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The offense was AWOL, but the defense more than stepped up. In 2017, Nebraska went 4-8. Despite looking better as the season ended, Nebraska went 4-8 in 2018.
As much as it pains me to say, Nebraska looked like a 4-8 team yet again in the 2019 season opener.
That’s not to say that there weren’t areas where Nebraska looked significantly improved, such as the secondary, (Cam Taylor! Cam Taylor! Cam Taylor!) but the Husker offense was anemic, at best.
Putrid might be a better term. Two touchdowns and only 276 yards from the offense? That might be grudgingly acceptable against a top ten opponent; it’s not against a team that’s considered to be in the bottom ten.
Now, week one isn’t the time to hit the panic button. Several teams struggled in their season openers this weekend. It is a win; something that Nebraska couldn’t do until October last season. But by the same manner, this game didn’t validate the Huskers top 25 ranking.
For those of you new to Corn Nation, after each football game, I grade the performance of each position. Feel free to agree or disagree with the grade in the comments; you can also vote your own overall team grade in the poll as well.
QB: All things considered (weather and competition), this was Adrian Martinez’s worst game as a Husker. He just never grew comfortable with his offensive line (not that anybody could blame him) or the anemic running game, and he pressed. He missed wide open receivers, and a better secondary would have made at least three interceptions. He’s a better quarterback than what he showed in this game. He knows it too, which also says a lot, Grade: D
I-Back: Suffice it to say that Dedrick Mills didn’t live up to the preseason hype in this game, averaging just 2.9 yards per carry and a fumble. That being said, Mills didn’t have a lot of help because there simply wasn’t any running room to work with. Maurice Washington emerged after his first half suspension and looked better; he’s a back that can create his own holes. I do wonder if he had been available in the first half, whether that would have helped the offense be a bit less disjointed. Grade: C-
Wide Receiver: Nebraska really wanted to get the ball to Wan-dale Robinson, and while he looked pretty good, he didn’t have the “Rondale” wow factor that the hype train seemed to promise. I’d love to see what can be done with Robinson and Washington lined up as split-backs. The tight ends seemed to be the bigger focus of this week’s stripped down gameplan; while Frost won’t admit it it, clearly Nebraska was counting on athletic ability alone to win this week. For the most part, the receivers delivered. Grade: B-
Offensive Line: Whether it was nerves or what, redshirt freshman Cam Jurgens had a first half to forget in his first college game. Bad snaps discombobulated his quarterback, and seemed to also affect his blocking as well. Actually, Nebraska’s entire interior line couldn’t generate any sort of push. That being said, South Alabama’s defensive line appeared to be their strength going into the season. In his postgame comments, Scott Frost felt it was more of an effort issue than an ability issue; he made it clear that the offense has been much better earlier in preseason practice. For this team’s sake, I hope he’s right. Grade: F
Defensive Line: If you need proof that this game wasn’t a systemic issue of poor training, compare the offensive line to the defensive line’s performance. The defensive line was solid, continually pushing back and clogging up the South Alabama running game. South Alabama only had two rushes that gained more than three yards after the first quarter. Transfer Darrion Daniels made his presence felt by leading with four tackles up front. Grade: B+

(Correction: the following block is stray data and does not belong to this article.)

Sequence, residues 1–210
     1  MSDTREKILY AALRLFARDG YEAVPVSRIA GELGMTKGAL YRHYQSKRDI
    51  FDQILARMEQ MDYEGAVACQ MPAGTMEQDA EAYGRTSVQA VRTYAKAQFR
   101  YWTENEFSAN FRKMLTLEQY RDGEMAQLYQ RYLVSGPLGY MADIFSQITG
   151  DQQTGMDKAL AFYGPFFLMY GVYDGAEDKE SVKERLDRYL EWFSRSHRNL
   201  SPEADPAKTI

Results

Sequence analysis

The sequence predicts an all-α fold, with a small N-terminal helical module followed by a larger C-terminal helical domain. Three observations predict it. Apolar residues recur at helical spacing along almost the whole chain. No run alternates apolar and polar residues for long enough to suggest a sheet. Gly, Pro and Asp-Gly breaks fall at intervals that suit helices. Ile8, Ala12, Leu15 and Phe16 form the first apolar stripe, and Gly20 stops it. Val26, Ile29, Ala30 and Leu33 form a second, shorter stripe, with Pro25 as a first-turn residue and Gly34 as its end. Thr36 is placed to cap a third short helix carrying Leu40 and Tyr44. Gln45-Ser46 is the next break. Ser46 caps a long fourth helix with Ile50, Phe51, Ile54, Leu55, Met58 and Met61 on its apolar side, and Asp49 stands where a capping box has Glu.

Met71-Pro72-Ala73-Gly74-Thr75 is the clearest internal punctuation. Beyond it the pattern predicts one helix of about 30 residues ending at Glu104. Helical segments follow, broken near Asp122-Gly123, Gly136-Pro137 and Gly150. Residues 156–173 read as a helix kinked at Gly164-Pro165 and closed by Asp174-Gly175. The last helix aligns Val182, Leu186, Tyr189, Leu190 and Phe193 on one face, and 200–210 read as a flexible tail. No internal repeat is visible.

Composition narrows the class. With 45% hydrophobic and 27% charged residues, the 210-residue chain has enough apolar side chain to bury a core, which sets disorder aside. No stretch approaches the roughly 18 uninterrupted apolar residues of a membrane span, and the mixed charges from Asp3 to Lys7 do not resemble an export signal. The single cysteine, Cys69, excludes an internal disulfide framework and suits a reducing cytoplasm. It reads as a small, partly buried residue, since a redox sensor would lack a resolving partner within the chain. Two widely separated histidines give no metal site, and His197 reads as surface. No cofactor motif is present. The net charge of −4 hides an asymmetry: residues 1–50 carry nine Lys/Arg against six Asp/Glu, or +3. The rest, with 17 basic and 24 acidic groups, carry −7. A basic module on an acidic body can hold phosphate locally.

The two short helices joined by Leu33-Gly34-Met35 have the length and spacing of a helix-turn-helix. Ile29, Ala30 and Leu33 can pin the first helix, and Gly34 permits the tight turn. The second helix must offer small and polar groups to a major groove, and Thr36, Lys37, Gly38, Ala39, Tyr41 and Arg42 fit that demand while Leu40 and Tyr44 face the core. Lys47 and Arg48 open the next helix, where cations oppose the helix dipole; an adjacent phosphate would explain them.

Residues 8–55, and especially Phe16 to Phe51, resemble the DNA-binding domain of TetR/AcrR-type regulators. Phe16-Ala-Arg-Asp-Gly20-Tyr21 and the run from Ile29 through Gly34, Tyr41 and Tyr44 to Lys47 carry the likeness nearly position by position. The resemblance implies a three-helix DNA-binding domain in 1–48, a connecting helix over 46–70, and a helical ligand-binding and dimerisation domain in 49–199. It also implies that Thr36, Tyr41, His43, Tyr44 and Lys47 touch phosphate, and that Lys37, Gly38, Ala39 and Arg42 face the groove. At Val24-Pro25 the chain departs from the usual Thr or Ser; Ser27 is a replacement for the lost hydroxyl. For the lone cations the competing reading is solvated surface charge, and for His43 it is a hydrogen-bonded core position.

Linebackers: Mohammed Barry led with 12 tackles, and frankly, I think NU’s combo of Will Honas and Collin Miller is an upgrade this season on the inside. Jojo Domann was limited in the snaps he saw; he wasn’t limited while he was in there. Overall, a solid performance. Grade: B
Secondary: Two backups stole the show (and the ball). Eric Lee opened the second half with his Pick-Six interception. And now EVERYBODY knows #5 on the defense. Cam Taylor added his mother’s name to the back of his jersey, hyphenated to Taylor-Britt, then proceded to level Cephus Johnson on a sweep, sending him backwards on a third down play to force a punt. Johnson didn’t get the message to keep away from Taylor-Britt the first time, as he devasted Johnson on a fourth quarter blitz that ended with Alex Davis’ easy scoop-and-score. Can’t forget his interception either, which pretty much ended South Alabama’s last bid to pull off the upset. Grade: B+
Overall: Grade: D+ It’s a win…but it’s a win that doesn’t give you a lot of confidence going out to Colorado. However, when I listen to and read the post-game comments, I feel a bit better that this was more of a bad opening game…and there were a LOT of those in college football this weekend.

Elsewhere in College Football
SEC: LOL. Apparently it didn’t mean more this weekend, as the SEC went 7-4 in non-conference games, with losses to Georgia State, Memphis, North Carolina and Wyoming. And several of those wins were a lot closer than they should have been (Arkansas by 7 over 1-AA Portland State, Mississippi State by 10 over Louisiana-Lafayette and Kentucky by 14 over Toledo). But hey, ‘Bama won, so that’s all that matters.
Minnesota: Whew. Better get this figured out before getting on the plane to Fresno, who gave Southern Cal all they wanted.
Nevada: A+ Good job by former Nebraska offensive coordinator Jay Norvell in taking out Purdon’t.
Illinois: A I said this summer that the Illini would get to a bowl game. A 42-3 blowout of Akron was a strong first step to that.

Source: Corn Nation